if button.value() == 1:
            button_status = 1

_thread.start_new_thread(button_thread, ())

while True:
    if button_status == 1:
        led_red.value(1)
        utime.sleep(10)
    global button_status
    button_status = 0

    led_red.value(1)
    utime.sleep(5)
    led_red.value(0)

    led_yellow.value(1)
    utime.sleep(2)
    led_yellow.value(0)

    led_green.value(1)
    utime.sleep(5)
    led_green.value(0)

    led_yellow.value(1)
    utime.sleep(2)
    led_yellow.value(0)

Here, the _thread library is imported first. This module implements multithreading support. Then define a thread button_thread(), which is independent of the main thread. It is used here to read the state of the button. Finally use _thread.start_new_thread(button_thread, ()) to start the thread.

The following sample code can help you better understand multithreading:

import machine
import utime
import _thread

led_red = machine.Pin(15, machine.Pin.OUT)
led_yellow = machine.Pin(14, machine.Pin.OUT)
button = machine.Pin(16, machine.Pin.IN)

def led_yellow_thread():
    while True:
        led_yellow.toggle()
        utime.sleep(2)

_thread.start_new_thread(led_yellow_thread, ())

while True:
    button_status = button.value()
    if button_status == 1:
        led_red.value(1)
    elif button_status == 0:
        led_red.value(0)

In the main thread, the button is used to control the red LED on and off. In the new thread (led_yellow_thread()), the yellow LED will change every 2 seconds. The two threads work independently of each other.

Let’s go back to the traffic signal program. We let the main thread change the light and let the new thread read the button value. However, the threads are independent of each other, and we need a way for the new thread to pass information to the main thread, which requires the use of global variable.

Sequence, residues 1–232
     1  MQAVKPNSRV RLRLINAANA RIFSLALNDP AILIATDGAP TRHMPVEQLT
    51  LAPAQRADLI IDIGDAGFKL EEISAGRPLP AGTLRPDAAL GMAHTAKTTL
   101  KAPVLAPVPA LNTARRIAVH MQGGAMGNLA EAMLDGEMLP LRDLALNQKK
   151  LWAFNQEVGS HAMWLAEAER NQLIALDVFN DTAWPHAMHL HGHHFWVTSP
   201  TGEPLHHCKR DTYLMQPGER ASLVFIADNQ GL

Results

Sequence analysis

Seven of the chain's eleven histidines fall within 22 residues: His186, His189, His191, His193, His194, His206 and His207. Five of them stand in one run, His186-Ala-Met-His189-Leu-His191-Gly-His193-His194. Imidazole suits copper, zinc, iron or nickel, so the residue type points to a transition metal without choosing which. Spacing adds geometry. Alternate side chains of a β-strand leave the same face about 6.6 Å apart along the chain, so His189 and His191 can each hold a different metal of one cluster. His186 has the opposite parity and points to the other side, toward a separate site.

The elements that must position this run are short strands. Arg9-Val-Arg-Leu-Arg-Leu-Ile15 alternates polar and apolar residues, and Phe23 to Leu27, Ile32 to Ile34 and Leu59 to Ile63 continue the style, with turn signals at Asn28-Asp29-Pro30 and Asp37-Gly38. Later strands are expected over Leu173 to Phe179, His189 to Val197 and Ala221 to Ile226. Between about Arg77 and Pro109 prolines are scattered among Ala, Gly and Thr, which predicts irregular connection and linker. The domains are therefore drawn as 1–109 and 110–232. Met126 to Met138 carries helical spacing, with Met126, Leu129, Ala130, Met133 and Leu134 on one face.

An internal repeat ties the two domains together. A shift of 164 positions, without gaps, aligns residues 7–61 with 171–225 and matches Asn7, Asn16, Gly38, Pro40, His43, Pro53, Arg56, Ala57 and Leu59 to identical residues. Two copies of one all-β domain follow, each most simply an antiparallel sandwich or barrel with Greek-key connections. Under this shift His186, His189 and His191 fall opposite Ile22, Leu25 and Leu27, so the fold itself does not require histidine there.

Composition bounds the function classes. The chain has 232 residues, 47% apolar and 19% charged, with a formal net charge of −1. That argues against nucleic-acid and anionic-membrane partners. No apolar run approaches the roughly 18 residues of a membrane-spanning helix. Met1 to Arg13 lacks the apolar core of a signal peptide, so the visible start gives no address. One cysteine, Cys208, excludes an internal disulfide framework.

The variables we have used before are all local variables, acting only in a certain part of the program (Variables declared in the main function cannot be used in sub-functions, and variables declared in the main thread cannot be used in the new thread). The global variable can be used anywhere, we change it in one thread, and the other can get its updated value.

Global variables are in these places:

import machine
import utime
import _thread

led_red = machine.Pin(15, machine.Pin.OUT)
led_yellow = machine.Pin(14, machine.Pin.OUT)
led_green = machine.Pin(13, machine.Pin.OUT)
button = machine.Pin(16, machine.Pin.IN)

global button_status
button_status = 0

def button_thread():
    global button_status
    while True:
        if button.value() == 1:
            button_status = 1

_thread.start_new_thread(button_thread, ())

while True:
    if button_status == 1:
        led_red.value(1)
        utime.sleep(10)
    global button_status
    button_status = 0

    led_red.value(1)
    utime.sleep(5)
    led_red.value(0)

    led_yellow.value(1)
    utime.sleep(2)
    led_yellow.value(0)

    led_green.value(1)
    utime.sleep(5)
    led_green.value(0)

    led_yellow.value(1)
    utime.sleep(2)
    led_yellow.value(0)
  • When the program is just running, button_status is assigned a value of 0, which means that the button has not been pressed.

  • In the new thread–button_thread, when the program detects that the button is pressed, button_status is assigned the value 1.

  • At the beginning of each cycle, it will detect whether the button has been pressed, if the button is pressed (button_status == 1), the red light will be on for 10 seconds. Then button_status switch to 0, and wait for the next button press.

The function of global button_status is to tell the program that we are going to modify the value of button_status, but if we just want to read the variable value, this line is not needed.